When selecting air filters based on total cost of ownership (TCO), a science-based approach allows cleanroom and maintenance operators to decrease time-consuming and expensive cleaning and disposal costs, extend filter lifetime, reduce labour costs and count the saving as ‘cost avoidance’, while using personnel for other activities.

Camfil, in an industry first, recently launched CREO (cleanroom design and energy optimisation) software, aimed specifically at optimising AHU air filters, supply HEPA, exhaust HEPA and dust collection filtration selection, while optimising the most energy-efficient solution.

Increased energy costs and industry quotas for CO2 reduction are more visible than ever within the life sciences community. Protecting people, the process and the environment are essential attributes of efficient air filters, adding science to the air filters’ efficiency targets while still reducing energy consumption is a requirement and not an option today.

Substantial and quantifiable energy-saving opportunities do exist by selecting the correct type and combination of air filters. The life science consulting engineers and end-users are actively investigating these opportunities by consulting Camfil as well as targeting related design considerations such as the ideal air change rate for specific process steps, studying ‘ventilation on demand’ and of course minimising the biggest contaminant in cleanrooms – people, all to minimise operating costs.

CREO is a modelling tool that allows designers and owners to simulate much of what has been stated above in addition to other design considerations such as recovery time simulation, room leakage factors and generation of particles from the process can be easily calculated by using this advance design software. It’s interesting to note some recent studies and published papers have seen 2-3 million particles at 0.5 microns a minute generated per person versus 10,000 particles a minute depending on the garment selection. CREO helps see the recovery time impact in seconds.

In order to make an ‘apples to apples’ comparison between CREO and lifecycle cost green (LCC) software, we start by understanding what filter efficiency is required to protect the process, environment and people. Unfortunately, there is a paradoxical relationship between energy savings and filter efficiency; the higher the grade selected (a minimum efficiency reporting value of MERV 13 or F7) on the make-up air, the higher the energy consumption will be because the resistance will increase as efficiency increases. Do not use coarse fibre or synthetic media; select glass or fine fibres.

Once the filter grades have been established, along with the number of filtration steps and where these grades are located within the air handling unit or cleanroom, selection should be based on optimising the pressure drop across each step and establishing a change-out point to maximise life at the lowest operating cost based on scientific data.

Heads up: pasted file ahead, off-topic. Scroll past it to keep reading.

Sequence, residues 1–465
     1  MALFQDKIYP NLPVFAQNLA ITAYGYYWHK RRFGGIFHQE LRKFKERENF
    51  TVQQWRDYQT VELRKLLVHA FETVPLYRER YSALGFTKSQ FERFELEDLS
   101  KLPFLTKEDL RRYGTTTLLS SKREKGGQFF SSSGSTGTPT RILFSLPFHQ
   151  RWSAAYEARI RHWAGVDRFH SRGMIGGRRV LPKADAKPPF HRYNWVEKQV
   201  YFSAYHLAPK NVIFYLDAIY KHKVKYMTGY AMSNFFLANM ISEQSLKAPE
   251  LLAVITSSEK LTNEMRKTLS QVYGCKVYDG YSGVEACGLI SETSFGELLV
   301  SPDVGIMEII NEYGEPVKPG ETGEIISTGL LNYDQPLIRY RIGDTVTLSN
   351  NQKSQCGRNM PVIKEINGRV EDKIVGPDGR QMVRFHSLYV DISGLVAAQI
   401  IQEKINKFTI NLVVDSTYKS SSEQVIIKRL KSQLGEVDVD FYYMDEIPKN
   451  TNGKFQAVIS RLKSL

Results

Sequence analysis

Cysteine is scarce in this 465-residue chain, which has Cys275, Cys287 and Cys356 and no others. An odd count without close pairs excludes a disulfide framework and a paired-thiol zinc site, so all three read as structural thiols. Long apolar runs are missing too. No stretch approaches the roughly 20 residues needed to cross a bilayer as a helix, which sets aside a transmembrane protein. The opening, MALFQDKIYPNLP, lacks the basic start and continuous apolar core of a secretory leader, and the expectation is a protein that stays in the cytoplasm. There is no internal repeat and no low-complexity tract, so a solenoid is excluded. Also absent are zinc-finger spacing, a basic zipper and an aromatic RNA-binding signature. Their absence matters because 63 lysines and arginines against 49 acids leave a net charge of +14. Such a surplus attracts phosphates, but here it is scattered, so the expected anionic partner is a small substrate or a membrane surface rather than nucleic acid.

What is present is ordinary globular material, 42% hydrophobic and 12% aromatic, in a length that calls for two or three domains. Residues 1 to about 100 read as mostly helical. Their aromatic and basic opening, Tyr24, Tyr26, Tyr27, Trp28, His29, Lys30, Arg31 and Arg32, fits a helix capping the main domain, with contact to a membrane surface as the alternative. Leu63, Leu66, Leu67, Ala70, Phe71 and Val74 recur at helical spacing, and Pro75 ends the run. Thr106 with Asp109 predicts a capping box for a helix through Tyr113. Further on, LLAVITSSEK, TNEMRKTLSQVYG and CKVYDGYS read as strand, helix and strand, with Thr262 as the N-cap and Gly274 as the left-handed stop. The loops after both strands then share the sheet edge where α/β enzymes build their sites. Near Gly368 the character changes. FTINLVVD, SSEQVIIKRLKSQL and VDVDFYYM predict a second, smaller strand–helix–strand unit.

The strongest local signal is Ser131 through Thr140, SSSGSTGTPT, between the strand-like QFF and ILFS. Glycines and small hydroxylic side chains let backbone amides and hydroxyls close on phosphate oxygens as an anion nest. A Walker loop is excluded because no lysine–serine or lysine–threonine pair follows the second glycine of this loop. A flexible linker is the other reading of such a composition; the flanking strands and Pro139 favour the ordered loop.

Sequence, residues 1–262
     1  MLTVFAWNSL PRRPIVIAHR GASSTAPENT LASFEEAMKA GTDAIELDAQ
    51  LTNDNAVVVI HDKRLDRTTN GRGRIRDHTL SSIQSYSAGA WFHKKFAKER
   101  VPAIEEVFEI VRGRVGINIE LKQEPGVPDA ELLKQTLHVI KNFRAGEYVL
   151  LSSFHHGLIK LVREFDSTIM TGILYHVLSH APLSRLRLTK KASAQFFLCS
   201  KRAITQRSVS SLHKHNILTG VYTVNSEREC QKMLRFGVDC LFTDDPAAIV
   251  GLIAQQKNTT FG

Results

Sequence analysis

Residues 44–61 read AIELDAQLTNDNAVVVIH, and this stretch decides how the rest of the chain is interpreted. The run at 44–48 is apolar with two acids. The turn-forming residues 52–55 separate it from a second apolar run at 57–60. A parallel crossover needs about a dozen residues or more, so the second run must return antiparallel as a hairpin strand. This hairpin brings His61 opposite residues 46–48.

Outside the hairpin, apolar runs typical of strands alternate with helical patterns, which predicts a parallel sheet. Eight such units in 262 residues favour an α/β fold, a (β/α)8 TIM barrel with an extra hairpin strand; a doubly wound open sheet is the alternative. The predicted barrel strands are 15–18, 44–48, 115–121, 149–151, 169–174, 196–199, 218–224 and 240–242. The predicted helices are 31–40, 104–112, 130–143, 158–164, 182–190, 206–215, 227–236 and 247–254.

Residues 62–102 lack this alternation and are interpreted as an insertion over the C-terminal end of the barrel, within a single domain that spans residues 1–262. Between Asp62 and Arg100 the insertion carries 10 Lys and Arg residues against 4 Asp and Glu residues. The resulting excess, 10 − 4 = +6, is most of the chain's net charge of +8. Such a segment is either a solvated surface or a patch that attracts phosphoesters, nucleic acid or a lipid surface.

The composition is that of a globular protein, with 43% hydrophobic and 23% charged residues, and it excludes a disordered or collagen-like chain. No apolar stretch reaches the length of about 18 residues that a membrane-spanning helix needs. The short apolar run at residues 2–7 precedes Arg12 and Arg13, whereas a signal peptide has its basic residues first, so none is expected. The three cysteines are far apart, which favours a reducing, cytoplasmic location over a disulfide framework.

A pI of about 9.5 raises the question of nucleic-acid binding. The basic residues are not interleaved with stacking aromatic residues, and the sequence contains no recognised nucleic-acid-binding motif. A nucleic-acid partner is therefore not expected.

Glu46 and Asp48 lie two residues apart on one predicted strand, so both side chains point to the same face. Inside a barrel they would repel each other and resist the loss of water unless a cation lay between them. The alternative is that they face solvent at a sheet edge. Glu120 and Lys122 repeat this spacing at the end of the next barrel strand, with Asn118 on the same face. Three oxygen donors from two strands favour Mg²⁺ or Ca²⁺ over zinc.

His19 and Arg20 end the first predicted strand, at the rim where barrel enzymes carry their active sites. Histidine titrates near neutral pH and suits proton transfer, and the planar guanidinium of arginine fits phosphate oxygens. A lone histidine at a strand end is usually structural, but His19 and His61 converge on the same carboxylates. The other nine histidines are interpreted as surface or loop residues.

In the 1990s, Camfil developed LCC software to optimise HVAC or pre-filtration selection. The software, which has been updated over the years, evaluates features of the system in use, such as variable frequency drives versus constant volume, and carbon dioxide emission calculations. It also evaluates the key essentials for any air filtration TCO calculation: filter unit cost, labour cost, true average pressure drop, disposal cost, energy cost and hours of operation.

Standard operating procedures or quality assurance may dictate when HEPA filters are changed, based on a specific site history or experience. This makes no technical sense from an air filtration point of view. It is more of a risk-v-benefit decision the particular site has made. While this is understandable at the time, the procedure should be reviewed periodically to take advantage of any potential savings with minimal risk. Ideally, filters should be changed on pressure drop. Often, due to the end-users’ system and resources, a time-based strategy is selected based on preventive maintenance windows. Optimising lifetime and reduction in energy consumption during the filter’s working life is still possible and can be shown using the CREO software.


Scientific data – not calculated data – is the key. It is easy to take the simple straight line average and quote an average pressure drop. However, a well-manufactured filter does not behave in this way; you will see a parabolic loading curve. LCC and CREO software uses data from hundreds of air filters used in many different environments taken from real-life, longterm testing globally. This data gives the user information an aid in making an informed air filter selection. Also, it takes the guesswork out of when and how to change filters in multiple environments, and find the lowest TCO.